- USA Today. Conservative and liberals saw two different Comey hearings
- Washington Post. After Comey’s testimony, where does Congress go next?
Cherishing the memory and sacrifice of our American heroes, like Specialist Etienne Murphy, who gave everything in service to America is something our community takes very seriously, and I’m grateful we make it a priority throughout the entire year. No words can sufficiently express our gratitude for Specialist Murphy, but I hope we’ll all keep his family in our prayers now and in the future. On Friday, Governor Deal ordered that all flags on state buildings and grounds be flown at half-staff in honor of this passionate public servant. Such events are always somber. We wish they were not needed at all, but I thank the Governor for his leadership and example in paying tribute to this remarkable young man who made our community proud and served a grateful nation.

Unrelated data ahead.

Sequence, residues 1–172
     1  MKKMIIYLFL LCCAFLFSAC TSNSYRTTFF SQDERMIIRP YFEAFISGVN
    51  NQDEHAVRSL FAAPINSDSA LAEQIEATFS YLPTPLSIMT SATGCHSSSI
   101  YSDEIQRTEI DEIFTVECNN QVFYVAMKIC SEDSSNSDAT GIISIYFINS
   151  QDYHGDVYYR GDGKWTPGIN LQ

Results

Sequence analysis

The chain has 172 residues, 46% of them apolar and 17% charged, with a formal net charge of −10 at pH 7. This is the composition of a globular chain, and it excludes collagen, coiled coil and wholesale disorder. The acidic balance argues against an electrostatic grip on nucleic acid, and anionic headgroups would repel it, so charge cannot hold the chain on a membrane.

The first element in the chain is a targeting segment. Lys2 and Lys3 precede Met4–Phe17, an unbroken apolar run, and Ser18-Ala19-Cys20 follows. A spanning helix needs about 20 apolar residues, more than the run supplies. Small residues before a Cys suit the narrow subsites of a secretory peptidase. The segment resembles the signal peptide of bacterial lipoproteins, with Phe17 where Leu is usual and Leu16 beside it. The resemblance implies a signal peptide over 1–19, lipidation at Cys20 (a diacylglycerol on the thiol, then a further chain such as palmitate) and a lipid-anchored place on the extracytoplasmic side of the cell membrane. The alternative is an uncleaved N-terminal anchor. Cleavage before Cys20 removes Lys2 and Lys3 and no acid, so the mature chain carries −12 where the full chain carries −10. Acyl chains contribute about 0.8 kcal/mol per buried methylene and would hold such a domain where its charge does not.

- Gwinnett Daily Post. Gov. Nathan Deal: Flags to fly at half-staff in honor of Snellville soldier
Next week the House is going to move forward with what we’ve called “Phase 3” of our plan to reform health care. Phase 3 includes targeted pieces of health care legislation that aren’t meant to reform the entire system at once, but that are absolutely critical to millions of Americans, and solve smaller problems that the Affordable Care Act has ignored over the past few years.
Under the current Affordable Care Act, and under the American Health Care Act, should it become law, individuals who are eligible to receive premium assistance and who are also eligible to receive health care from the Veterans Health Administration, but are not enrolled in a veterans’ health plan, are barred from taking advantage of the premium assistance. This bill changes that ill-conceived law and allows veterans to have a choice of either taking part in the VHA or purchasing a health insurance plan of their own using the same premium assistance that other Americans receive. This bill is about fairness for our veterans, and I know we all support that outcome.